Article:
Guilt isn’t a beneficial emotion for anybody involved. It’s self-judgement and self-condemnation, and judgement and condemnation are merely human follies borne of spiritual immaturity, at least on the part of culture. It’s the depriving of yourself of receiving necessary spiritual nourishment, or the ‘holding down’ of oneself, in an attempted atonement for one’s perceived wrongdoings. In Conversations with God book 3 by Neale Donald Walsch, God and Neale have the following conversation about guilt:
Seek only to be genuine. Strive to be sincere. If you wish to undo all the “damage” you imagine yourself to have done, demonstrate that in your actions. Do what you can do. Then let it rest.
That’s easier said than done. Sometimes I feel so guilty.
Guilt and fear are the only enemies of man.
Guilt is important. It tells us when we’ve done wrong.
There is no such thing as “wrong.” There is only that which does not serve you; does not speak the truth about Who You Are, and Who You Choose to Be.
Guilt is the feeling that keeps you stuck in who you are not.
But guilt is the feeling that at least lets us notice we’ve gone astray.
Awareness is what you are talking about, not guilt.
I tell you this: Guilt is a blight upon the land—the poison that kills the plant.
You will not grow through guilt, but only shrivel and die.
Awareness is what you seek. But awareness is not guilt, and love is not fear.
Fear and guilt, I say again, are your only enemies. Love and awareness are your true friends. Yet do not confuse the one with the other, for one will kill you, while the other gives you life.
Then I should not feel “guilty” about anything?
Never, ever. What good is there in that? It only allows you to not love yourself—and that kills any chance that you could love another.
Elsewhere in Neale’s books it mentions that regret is the feeling that tells you that you do not want to do a thing again. Regret is a normal, healthy emotion, as opposed to guilt which is often employed instead.
I wrote more about the difference between guilt and regret here: To the Decriers of Anger and Regret
As for whether you should give the homeless person a dollar or feel regret about not giving it to him, if we go by the above text, it all has to do with whether that decision reflects who you really are and who you choose to be.
But personally, I think giving money to the homeless is the ‘right’ thing to do. It signifies compassion, and it’s a better use of that dollar than whatever you would have spent it on because a dollar means a lot more to someone who has almost nothing than to someone who has a place to live, water, food, clothes, medical care, etc. The amount of wealth a non-homeless person versus the amount of wealth a homeless person has entails a huge imbalance, a travesty of justice. The least you could do is discharge that imbalance slightly by giving the man a dollar.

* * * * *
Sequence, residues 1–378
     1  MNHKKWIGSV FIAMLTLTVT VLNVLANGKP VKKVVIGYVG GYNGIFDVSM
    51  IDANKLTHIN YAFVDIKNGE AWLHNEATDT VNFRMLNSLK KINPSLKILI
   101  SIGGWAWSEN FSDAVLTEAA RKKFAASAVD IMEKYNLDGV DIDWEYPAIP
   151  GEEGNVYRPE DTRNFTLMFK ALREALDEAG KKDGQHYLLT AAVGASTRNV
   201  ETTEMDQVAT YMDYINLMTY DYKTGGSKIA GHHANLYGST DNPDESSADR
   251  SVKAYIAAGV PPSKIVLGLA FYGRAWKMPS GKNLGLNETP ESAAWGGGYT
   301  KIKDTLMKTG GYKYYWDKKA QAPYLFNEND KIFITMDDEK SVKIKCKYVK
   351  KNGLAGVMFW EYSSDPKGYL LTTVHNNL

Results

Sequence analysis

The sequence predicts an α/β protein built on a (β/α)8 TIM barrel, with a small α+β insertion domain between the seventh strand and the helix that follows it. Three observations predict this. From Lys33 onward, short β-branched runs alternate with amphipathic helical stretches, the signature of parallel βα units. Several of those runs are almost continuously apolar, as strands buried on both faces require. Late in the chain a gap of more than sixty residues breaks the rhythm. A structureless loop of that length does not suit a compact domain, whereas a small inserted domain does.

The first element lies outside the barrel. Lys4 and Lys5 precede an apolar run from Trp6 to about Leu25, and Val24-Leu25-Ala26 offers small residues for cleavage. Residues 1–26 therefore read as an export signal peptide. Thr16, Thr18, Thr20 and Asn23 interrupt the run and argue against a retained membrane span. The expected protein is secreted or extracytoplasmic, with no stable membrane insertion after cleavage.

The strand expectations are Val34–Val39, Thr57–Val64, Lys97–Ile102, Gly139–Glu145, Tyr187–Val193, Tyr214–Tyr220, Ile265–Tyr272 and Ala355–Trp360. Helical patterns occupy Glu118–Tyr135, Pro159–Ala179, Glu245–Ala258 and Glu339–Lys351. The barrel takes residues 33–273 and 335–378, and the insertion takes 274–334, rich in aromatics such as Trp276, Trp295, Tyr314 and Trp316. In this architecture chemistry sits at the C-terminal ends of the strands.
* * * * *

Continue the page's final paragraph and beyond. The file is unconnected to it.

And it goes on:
At least it’s a better use of that dollar than what you would spend it on for yourself if you consider other people’s well-being to be as important as yours.. and why shouldn’t you? What makes you so special in the universe? What kind of a world is it where everybody is selfish and out to please themselves even at the expense of others? (I’m not necessarily implying that declining to do something charitable is “at the expense of” another—that’s arguable—I’m just saying that selfism on a collective level makes everybody hurt.) You could say that everybody has to look out for Number One first, because nobody else will, and there is some truth that, but taking care of yourself in the ways that only you can does not preclude correcting a gross imbalance of goods between you and another, and nor does it preclude significantly caring about other people on a fundamental level.
You could argue, of course, that the homeless person should get a job, or that it’s not fair that you work for that money and he would get it for free, but I think it’s idealistic to think that the homeless should just get jobs. Do you think that they live in the atrocious conditions they live in, suffering a lack of the most basic necessities of life, being reduced to wearing rags and begging on the street all day just because they’re lazy and hence prefer that to working? No, the homeless person always has some kind of psychological (or physical, or both psychological and physical) issues that make it impractical for them to work. Not everybody is cut out for the workforce; some people slip between the cracks of capitalism, and some of those people slip between the cracks of the welfare system, insurance and other such safety nets as well.
You could argue that it’s pointless to give a homeless person money because they’ll just use it for alcohol or drugs, but 1) you don’t know for sure what they’ll use it for, everybody needs a bite to eat now and then, so it’s better to err on the side of compassion than on the side of harshness; and 2) if alcohol is really what that homeless person wants to drown the pain away, even more so than the supposedly more useful things that he could spend it on such as food or soap, then who are you to say that it’s not worth it for that homeless person to spend a dollar on alcohol? Apparently, that’s what benefits him most in his situation.
You could think that the homeless person is just going to continue to be homeless regardless of what you give him and therefore you’re not really helping anything, but regardless of that the fact is that any amount of money you give will proportionately improve that homeless person’s life, even if only for that day, and that matters.